Procter & Gamble Co. is still looking for the exit for at least parts of its massive beauty portfolio.
The consumer products giant’s chairman and chief executive officer, A.G. Lafley, steered the company on a course last year that has it cutting as many as 90 of its 160 brands. While about 35 businesses, including giant brand Duracell, have been offloaded, beauty is still hanging in the balance.
“They didn’t get the level of interest that they thought they would,” said one financial source of P&G’s efforts to sell off some of its beauty brands. “Everybody knows they’re underperforming brands, but they’ve asked a pretty rich price.”
P&G has a sprawling portfolio of brands — from the relatively small Frédéric Fekkai and Max Factor to ones with more than a billion dollars in sales, including Wella, SK-II, Olay and Pantene. During the last fiscal year, ended June 30, net sales at the beauty business fell 2 percent to $19.51 billion.
That’s a large and diverse business to unwind, even if some brands stay at the company.
Sources said Goldman Sachs was hired to both look for buyers for some of the brands and explore a potential initial public offering of at least part of the business. That dual-track structure helps P&G keep its options open, and if it can’t negotiate the price it wants with a private equity or strategic player, the company can fall back on an IPO. Goldman declined to comment.
Bloomberg News reported that P&G sent out sale documents to potential bidders for its Wella hair-care unit, cosmetics brands and fragrance business. The potential buyers included Henkel AG & Co., Revlon Inc., Unilever, Kao Corp. and Coty Inc.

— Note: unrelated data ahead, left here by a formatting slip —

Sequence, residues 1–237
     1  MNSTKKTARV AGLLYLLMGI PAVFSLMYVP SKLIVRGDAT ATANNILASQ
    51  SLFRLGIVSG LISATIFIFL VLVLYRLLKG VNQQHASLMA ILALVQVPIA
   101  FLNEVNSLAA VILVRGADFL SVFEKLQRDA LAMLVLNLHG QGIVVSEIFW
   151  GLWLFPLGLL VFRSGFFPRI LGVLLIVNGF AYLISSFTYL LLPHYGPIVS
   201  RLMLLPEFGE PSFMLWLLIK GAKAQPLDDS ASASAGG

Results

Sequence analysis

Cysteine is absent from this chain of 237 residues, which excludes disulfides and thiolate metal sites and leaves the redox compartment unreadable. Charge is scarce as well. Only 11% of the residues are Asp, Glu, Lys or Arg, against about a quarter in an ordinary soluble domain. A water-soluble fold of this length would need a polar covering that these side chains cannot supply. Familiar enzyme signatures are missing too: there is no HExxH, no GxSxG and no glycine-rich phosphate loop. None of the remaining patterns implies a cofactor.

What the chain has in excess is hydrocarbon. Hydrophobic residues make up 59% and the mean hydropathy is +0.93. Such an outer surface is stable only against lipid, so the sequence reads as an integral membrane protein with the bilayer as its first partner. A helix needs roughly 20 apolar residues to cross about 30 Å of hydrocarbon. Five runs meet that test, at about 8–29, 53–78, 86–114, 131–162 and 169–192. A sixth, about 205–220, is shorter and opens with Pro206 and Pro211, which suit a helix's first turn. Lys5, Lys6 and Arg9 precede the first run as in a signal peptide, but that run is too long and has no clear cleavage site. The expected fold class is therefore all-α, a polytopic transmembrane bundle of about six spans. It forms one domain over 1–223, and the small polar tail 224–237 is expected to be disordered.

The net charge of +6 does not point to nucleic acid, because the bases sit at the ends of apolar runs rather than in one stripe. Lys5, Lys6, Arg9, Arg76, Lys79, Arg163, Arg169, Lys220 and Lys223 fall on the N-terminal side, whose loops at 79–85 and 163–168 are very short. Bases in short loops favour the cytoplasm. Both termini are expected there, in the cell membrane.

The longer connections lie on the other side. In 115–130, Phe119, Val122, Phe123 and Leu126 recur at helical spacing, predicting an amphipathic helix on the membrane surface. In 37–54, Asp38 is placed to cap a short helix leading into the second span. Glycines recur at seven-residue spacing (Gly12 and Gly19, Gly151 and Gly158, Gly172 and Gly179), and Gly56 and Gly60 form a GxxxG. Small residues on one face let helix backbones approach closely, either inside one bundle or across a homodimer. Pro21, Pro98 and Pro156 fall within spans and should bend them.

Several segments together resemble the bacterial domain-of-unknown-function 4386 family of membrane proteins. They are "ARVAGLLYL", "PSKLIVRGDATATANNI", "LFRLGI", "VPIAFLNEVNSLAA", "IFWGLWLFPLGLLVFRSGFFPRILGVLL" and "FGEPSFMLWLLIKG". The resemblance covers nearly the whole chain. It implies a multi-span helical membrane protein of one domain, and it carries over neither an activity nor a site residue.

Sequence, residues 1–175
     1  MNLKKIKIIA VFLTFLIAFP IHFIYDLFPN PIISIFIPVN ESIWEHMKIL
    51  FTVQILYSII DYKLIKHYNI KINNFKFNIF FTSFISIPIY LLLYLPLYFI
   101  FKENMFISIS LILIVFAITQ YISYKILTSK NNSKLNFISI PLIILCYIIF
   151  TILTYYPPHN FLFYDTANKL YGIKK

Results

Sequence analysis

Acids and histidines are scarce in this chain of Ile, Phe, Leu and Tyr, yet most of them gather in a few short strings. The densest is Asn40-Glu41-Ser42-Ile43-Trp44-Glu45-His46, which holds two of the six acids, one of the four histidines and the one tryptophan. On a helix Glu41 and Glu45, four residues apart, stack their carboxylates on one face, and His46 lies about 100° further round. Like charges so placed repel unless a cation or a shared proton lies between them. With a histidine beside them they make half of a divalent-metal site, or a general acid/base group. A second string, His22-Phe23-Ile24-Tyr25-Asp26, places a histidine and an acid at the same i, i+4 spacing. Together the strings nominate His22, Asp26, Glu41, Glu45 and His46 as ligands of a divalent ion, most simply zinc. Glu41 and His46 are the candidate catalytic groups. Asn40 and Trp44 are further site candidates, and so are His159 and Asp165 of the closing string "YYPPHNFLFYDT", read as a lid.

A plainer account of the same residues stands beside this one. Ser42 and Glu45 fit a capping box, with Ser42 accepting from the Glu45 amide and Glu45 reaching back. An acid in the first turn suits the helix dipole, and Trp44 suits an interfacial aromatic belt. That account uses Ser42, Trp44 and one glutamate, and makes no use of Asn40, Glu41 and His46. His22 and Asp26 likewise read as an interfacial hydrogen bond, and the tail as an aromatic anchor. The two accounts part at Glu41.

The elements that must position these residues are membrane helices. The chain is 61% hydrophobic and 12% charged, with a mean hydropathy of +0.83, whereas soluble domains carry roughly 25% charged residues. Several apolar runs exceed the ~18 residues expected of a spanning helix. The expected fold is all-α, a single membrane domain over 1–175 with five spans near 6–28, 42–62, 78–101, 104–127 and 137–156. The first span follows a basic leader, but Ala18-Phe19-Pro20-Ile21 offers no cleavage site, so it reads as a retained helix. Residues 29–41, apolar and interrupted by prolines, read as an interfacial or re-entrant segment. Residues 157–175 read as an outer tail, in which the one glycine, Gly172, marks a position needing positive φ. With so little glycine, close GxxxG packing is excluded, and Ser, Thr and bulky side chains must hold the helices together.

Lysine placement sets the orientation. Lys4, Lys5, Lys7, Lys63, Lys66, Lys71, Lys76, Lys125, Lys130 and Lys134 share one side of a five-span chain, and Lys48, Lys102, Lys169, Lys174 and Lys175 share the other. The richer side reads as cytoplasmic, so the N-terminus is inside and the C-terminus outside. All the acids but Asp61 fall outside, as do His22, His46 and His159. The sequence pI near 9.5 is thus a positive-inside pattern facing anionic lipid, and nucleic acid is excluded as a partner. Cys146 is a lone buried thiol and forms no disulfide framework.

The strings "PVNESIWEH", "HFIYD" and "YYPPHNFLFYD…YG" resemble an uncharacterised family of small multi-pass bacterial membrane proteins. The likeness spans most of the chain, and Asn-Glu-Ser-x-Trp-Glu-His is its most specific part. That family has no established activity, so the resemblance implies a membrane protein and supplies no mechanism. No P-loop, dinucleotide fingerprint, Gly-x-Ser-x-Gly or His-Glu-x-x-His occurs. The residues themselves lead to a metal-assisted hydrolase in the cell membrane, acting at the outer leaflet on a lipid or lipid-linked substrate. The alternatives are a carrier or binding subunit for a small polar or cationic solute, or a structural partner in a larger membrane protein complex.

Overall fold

Some brands could also be sold in one-off deals. Frédéric Fekkai is said to be looking to take advantage of the turmoil of restructuring to buy back his luxe hair-care brand, which hasn’t fared so well under P&G’s control.
A P&G spokesman said: “The brands that we will retain will be category leaders that are structurally attractive and play to our core strengths. Every brand that we plan to keep will be strategic with the potential to grow and create value.”
The process will yield a more profitable and easier to operate company, the spokesman said.
It’s a complex situation and a sale of the broad swath of the portfolio or a public offering could hinge on how much traction the brands find in the market.
Citigroup stock analyst Wendy Nicholson said in a recent note to clients that P&G could exit Wella, Sebastian Professional, Fekkai, the fragrances unit, CoverGirl and Max Factor. She cited SK-II and Clairol as somewhat more remote possibilities. All together, those brands represent sales of $7.4 billion, according to Citigroup’s reckoning.
Divestures of just those brands would leave P&G still very much in the beauty game, though.
“We believe that P&G remains very much committed to the beauty business generally, and as such, will likely not sell its core brands of Pantene, Head & Shoulders and Olay (even despite the considerable challenges in these businesses in recent years,” Nicholson said.